Despite promises in court, there seems little hope for the restoration of Delhi’s water body, Neela Hauz, to its pristine glory

From October 3 to 14, 2010 Delhi hosted the Commonwealth Games. Monday will mark the completion of three years since the games concluded, and yet there is no end in sight for the environmental devastation that was visited upon Aruna Asif Ali Marg in the name of the general sprucing up of Delhi that accompanied the preparations for the games.

We have had occasion to draw the attention of those who hold the reigns in this city to the wanton destruction of a natural water body known as the Neela Hauz. The Neela Hauz Citizens’ Group that had taken the matter to court in the wake of the project to build a bridge across the natural lake and to broaden Aruna Asif Ali Marg, had been promised in the court that no damage would be allowed to be caused to the lake and that once the construction work is complete all the rubble would be removed and the “pristine glory of the lake restored”.

One has grown rather sceptical of promises made and pointed out in an earlier piece on Neela Hauz, three years is a long time. The government had declared that once the games are over the entire area would be spruced up, the water hyacinth choking the lake would be removed and a bio diversity park would come up on the land that was earlier occupied by the old road.

The report about the health of Neela Hauz is not good at all. The accompanying photographs show that the lake is more choked with water hyacinth today than it has ever been before. There is only one patch where water is visible and this patch is filled with dirty pieces of thermocol floating in it. A fairly large car park and a clearly demarcated footpath cover the land freed by the diversion of traffic from the old road on to the new bridge. The car park awaits visitors to the bio-diversity park that shows no sign of coming up. Meanwhile, trucks have been sneaking up at night and dumping their cargo of construction rubble on the banks of the shrivelled up Hauz.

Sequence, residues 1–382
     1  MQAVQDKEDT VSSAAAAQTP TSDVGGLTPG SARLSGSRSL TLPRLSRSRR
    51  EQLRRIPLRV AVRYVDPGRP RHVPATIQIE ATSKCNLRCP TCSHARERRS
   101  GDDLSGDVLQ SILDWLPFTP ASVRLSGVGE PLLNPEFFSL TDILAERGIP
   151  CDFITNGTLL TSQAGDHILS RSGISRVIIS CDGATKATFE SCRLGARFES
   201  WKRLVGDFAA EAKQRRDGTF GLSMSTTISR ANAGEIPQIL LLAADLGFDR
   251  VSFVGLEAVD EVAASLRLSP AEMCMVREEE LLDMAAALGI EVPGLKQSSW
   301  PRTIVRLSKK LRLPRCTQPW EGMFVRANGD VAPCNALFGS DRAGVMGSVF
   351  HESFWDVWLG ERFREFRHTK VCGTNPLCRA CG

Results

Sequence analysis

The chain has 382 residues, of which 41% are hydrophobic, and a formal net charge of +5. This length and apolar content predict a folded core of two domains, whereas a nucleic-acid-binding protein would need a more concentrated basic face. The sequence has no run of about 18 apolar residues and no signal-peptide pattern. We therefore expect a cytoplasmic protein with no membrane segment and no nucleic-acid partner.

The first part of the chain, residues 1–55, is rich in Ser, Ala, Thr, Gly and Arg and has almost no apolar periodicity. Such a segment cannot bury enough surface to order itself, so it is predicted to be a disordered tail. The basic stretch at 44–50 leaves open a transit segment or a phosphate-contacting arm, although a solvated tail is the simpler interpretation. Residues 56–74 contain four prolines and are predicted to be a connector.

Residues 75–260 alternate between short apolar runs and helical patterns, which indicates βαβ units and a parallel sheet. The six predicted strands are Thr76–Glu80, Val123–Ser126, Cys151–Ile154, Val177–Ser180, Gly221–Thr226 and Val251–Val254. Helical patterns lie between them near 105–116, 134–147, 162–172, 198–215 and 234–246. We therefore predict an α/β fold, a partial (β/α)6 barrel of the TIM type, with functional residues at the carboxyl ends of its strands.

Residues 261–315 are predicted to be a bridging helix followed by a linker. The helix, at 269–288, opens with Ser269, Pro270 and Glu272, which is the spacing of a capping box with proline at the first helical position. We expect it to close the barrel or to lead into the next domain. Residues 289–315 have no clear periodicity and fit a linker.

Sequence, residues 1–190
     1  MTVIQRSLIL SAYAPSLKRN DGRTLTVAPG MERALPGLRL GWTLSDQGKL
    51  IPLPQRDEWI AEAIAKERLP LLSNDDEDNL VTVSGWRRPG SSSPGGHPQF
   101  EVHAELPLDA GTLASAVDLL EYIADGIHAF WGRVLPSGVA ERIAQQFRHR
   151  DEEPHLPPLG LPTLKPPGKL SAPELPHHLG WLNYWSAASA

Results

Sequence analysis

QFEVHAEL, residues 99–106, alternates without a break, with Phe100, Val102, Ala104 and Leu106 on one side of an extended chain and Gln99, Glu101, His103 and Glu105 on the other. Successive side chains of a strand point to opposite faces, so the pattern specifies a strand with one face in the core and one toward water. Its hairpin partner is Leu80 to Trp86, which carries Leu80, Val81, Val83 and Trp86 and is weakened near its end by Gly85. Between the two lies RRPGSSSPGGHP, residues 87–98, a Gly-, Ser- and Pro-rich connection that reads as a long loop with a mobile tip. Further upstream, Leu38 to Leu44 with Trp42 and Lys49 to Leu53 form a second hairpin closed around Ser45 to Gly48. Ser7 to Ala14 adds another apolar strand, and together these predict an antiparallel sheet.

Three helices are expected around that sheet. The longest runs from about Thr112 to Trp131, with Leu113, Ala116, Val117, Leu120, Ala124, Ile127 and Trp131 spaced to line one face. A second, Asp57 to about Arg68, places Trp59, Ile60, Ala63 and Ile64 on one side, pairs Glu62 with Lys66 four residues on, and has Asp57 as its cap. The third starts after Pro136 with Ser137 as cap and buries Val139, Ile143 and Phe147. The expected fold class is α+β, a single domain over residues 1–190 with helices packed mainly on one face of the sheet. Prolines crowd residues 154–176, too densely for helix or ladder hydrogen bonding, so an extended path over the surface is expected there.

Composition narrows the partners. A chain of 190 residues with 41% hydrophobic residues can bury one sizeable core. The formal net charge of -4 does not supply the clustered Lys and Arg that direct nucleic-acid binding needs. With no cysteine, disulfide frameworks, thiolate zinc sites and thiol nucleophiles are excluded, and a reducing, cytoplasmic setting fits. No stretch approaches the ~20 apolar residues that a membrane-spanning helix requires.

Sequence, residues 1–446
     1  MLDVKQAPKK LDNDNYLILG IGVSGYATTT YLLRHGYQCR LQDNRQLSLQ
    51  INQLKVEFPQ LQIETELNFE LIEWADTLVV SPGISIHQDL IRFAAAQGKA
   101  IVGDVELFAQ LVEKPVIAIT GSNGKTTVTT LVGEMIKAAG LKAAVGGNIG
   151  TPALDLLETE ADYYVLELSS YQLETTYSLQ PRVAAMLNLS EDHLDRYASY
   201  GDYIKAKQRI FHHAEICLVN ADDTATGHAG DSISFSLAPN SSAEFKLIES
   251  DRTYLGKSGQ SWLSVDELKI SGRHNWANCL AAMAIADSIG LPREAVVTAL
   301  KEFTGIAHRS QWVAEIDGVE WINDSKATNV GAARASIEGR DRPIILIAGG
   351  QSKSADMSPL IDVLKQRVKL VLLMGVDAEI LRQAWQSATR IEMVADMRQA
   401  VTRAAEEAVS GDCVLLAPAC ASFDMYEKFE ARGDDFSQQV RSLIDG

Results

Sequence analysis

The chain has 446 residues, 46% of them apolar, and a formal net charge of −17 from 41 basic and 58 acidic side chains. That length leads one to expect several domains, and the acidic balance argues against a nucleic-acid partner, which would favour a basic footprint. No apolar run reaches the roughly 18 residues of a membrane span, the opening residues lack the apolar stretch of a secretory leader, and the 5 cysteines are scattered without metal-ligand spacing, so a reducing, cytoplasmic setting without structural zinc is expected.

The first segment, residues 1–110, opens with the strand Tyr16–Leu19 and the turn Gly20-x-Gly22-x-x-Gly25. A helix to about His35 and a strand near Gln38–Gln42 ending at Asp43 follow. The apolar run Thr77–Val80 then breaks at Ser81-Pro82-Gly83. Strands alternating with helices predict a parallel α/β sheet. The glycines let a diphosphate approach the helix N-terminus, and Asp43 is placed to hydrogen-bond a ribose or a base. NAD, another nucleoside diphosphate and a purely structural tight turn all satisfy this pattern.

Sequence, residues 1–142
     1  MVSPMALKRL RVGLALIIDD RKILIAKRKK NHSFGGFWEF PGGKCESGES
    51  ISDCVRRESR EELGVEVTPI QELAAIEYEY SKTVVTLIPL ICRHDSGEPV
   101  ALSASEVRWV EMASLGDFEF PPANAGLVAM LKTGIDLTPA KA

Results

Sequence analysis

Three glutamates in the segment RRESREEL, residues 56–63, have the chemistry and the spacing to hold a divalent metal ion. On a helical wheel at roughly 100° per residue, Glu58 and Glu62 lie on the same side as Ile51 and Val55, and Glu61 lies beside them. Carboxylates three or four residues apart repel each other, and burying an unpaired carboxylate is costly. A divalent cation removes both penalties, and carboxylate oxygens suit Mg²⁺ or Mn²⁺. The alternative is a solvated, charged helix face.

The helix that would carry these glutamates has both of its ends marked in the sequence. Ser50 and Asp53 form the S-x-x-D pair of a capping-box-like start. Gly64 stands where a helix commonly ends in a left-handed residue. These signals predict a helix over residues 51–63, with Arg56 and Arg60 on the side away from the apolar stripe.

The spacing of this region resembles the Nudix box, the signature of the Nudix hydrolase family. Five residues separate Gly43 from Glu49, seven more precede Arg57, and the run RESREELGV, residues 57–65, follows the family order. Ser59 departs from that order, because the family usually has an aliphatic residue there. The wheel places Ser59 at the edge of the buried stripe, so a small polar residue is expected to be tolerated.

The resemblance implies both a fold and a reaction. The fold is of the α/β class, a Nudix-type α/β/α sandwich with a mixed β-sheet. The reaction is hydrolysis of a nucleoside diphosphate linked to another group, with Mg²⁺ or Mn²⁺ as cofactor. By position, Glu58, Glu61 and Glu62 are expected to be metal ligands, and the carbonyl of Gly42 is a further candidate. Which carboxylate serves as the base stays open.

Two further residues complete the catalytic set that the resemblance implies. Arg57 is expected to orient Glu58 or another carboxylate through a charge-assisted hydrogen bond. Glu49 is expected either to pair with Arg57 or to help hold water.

This age old practice of dumping rubble on the edges of water bodies and the refusal to remove the ever spreading water hyacinth has ensured the obliteration of or reduction in the size of a large number of natural water bodies in Delhi and despite official protestations to the contrary, there seems little hope for the Neela Hauz.

Before the expansion of the road and the erection of the four-lane bridge, the lake had a resident bird population. There were between 8 to 10 ducks that one had seen hovering over or swimming in the open patches before water hyacinth took over totally. There were also lap wings with their trade mark high pitched calls and some water hens. The lake was full of fish and both anglers and kingfishers were not an uncommon sight. From the time when construction began to now, slowly the birds have all gone, the ducks were the last to go and have not been seen over the last six to eight months.

In all probability, the newly built sewer line that runs from Kishangarh down the slope towards the Neela Hauz is disgorging its filth in the lake. This probably explains the sudden explosion of herons that have of late begun to gather at rubbish dumps and on pools of dirty water.

One does not wish to sound like a prophet of doom, but the callousness with which we continue to treat our scarce resources of water and the impunity with which those in power manage to manipulate things leaves one with little hope. Will future generations be able to ever see a river, a lake, a stream, a waterfall? What will we leave behind for them?

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